Rwanda’s tourism sector is feeling the pinch of the prolonged travel ban by the United Kingdom, which added the country to its red list at the end of January to prevent the spread of new variants of Covid-19.
While all the East African countries are currently on the UK's red list, Rwanda and Burundi were the first countries in the region to be added on the list on January 29. Rwanda protested the ban, saying the “arbitrary decision” by the UK does not “stand up to scientific scrutiny” given the country’s strict enforcement of Covid-19 protocols. The UK has maintained that the decision was taken to minimise the risk of the new variants spreading into the country.
The ban forced RwandAir to suspend its Kigali-London Heathrow service, which had been recently added after flying to Gatwick. The London route, which had already been downgraded to one flight from three weekly flights, is important for Rwanda’s exports as well as transit passengers to and from Europe.
“ ...Rwanda fought hard to earn that UK slot for its airline, and it felt it wasn’t treated fairly…” Andrew Mold, the head of regional integration and AfCFTA Cluster at UNECA’s sub regional office for Eastern Africa in Kigali told The East African recently.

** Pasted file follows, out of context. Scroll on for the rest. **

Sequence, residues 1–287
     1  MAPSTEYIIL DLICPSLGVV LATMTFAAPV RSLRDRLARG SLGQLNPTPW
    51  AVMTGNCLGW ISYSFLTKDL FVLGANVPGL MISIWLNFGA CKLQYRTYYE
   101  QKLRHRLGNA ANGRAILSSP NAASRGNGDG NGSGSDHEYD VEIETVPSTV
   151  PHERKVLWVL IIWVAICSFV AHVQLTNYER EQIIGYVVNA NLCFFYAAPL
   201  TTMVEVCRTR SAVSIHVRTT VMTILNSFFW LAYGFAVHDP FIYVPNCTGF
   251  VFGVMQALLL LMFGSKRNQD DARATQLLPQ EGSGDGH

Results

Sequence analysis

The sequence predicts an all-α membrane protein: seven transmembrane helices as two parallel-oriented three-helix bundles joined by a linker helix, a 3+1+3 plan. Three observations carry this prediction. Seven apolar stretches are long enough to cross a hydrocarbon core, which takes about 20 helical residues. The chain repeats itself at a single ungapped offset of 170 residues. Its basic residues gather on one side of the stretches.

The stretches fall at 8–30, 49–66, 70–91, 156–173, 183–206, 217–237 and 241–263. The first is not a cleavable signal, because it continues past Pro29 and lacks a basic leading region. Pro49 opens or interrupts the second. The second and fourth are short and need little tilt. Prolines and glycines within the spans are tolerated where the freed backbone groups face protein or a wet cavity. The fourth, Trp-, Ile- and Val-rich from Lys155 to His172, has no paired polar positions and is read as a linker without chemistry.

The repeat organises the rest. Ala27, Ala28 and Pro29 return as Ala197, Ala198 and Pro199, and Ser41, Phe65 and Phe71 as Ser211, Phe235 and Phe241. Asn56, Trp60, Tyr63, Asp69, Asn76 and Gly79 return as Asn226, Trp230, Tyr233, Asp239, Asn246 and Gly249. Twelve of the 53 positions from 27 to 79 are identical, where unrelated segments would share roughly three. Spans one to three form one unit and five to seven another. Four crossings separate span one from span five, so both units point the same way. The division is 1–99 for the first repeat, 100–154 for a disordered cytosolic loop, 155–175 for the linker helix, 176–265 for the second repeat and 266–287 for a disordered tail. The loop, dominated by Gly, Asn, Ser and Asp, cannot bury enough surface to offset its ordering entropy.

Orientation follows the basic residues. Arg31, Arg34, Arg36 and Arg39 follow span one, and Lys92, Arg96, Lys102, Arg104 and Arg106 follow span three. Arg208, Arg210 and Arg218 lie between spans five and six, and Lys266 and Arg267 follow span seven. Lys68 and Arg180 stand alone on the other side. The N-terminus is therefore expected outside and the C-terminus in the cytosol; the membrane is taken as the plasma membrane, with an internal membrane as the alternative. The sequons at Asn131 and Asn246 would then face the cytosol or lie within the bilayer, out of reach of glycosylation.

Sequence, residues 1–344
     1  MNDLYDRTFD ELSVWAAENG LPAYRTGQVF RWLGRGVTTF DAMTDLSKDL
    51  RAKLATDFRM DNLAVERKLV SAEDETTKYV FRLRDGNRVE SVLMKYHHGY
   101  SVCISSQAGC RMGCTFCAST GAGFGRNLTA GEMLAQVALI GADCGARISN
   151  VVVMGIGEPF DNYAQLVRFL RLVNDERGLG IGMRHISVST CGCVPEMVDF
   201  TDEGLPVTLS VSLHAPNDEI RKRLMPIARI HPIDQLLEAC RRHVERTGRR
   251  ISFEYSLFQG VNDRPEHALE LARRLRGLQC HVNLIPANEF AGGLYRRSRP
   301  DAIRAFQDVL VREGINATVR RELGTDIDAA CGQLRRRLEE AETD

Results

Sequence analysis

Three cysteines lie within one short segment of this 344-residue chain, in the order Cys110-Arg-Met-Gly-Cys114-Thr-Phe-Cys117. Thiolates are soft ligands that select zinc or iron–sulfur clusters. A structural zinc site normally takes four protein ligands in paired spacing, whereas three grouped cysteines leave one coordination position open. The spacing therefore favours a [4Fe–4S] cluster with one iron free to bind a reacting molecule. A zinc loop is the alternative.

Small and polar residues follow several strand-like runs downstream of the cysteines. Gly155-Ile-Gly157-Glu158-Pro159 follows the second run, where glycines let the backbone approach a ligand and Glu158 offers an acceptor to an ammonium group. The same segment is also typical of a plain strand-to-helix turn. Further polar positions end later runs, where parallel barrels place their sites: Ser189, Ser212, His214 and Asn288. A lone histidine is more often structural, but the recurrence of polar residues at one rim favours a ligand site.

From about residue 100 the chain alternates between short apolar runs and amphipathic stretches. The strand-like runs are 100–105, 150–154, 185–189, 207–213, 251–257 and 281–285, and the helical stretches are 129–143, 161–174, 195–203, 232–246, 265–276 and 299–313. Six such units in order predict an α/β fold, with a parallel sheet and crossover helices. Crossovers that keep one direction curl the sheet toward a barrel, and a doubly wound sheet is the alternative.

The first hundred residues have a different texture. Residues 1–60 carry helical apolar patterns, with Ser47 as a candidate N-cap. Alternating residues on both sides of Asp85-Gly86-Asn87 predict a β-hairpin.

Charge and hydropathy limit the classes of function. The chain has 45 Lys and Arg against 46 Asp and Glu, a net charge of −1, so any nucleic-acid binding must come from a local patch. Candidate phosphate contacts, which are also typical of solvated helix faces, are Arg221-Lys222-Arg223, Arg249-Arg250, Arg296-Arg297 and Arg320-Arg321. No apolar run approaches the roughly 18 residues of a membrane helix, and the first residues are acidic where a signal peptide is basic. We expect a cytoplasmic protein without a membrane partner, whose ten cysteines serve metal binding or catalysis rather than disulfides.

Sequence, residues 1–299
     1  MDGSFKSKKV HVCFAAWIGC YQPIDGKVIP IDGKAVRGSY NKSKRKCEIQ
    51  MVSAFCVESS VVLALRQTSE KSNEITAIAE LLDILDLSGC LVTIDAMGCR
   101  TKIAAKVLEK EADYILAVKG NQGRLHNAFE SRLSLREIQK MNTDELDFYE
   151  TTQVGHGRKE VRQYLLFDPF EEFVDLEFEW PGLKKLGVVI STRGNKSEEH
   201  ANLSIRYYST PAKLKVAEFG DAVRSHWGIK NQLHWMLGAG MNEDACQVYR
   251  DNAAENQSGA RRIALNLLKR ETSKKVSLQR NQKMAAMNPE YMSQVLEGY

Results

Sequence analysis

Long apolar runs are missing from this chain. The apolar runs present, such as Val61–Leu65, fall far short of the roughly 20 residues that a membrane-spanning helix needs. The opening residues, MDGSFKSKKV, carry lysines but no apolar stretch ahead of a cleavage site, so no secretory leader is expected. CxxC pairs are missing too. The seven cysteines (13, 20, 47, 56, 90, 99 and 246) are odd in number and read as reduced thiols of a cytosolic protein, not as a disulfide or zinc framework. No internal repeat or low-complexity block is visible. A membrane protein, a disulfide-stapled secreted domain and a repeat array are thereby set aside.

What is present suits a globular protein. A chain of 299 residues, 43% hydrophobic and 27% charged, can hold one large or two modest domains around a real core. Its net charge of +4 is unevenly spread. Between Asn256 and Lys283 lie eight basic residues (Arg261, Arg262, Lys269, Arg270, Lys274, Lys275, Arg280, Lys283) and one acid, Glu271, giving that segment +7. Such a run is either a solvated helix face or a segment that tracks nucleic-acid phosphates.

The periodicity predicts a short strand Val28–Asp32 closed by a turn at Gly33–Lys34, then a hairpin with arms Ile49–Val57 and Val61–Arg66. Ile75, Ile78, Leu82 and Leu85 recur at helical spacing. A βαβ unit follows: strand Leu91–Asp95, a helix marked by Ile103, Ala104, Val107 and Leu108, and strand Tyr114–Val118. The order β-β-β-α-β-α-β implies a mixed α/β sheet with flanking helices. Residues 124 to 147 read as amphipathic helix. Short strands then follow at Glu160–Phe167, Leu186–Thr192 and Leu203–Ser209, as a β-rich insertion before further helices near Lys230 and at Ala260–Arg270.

While East African countries were lobbying for travel restrictions to be eased ahead of the summer season, the region, which is battling a third wave, remains on the UK's red list. This will further dampen prospects for tourism and trade.
Rwanda was forced to suspend hosting the Commonwealth Heads of Government Meeting for the second time, which had been scheduled for June this year to a date yet to be announced. Businesses in tourism and hospitality had banked on the event to help them recover losses accumulated during the pandemic.
Before the pandemic, Rwanda registered a steady rise in the number of visitors from the UK, recording a five percent increase in visitors after signing a three-year marketing deal worth $39 million for its “Visit Rwanda” sleeve sponsorship with English premier league team Arsenal in May 2018.
According to the World Bank, Rwanda’s tourism has been severely affected by Covid-19 and this had multiplier effects on the economy. However, the gradual rollout of the vaccine is expected to help restore consumer confidence, contribute to the easing travel restrictions and slowly normalise travel in 2022.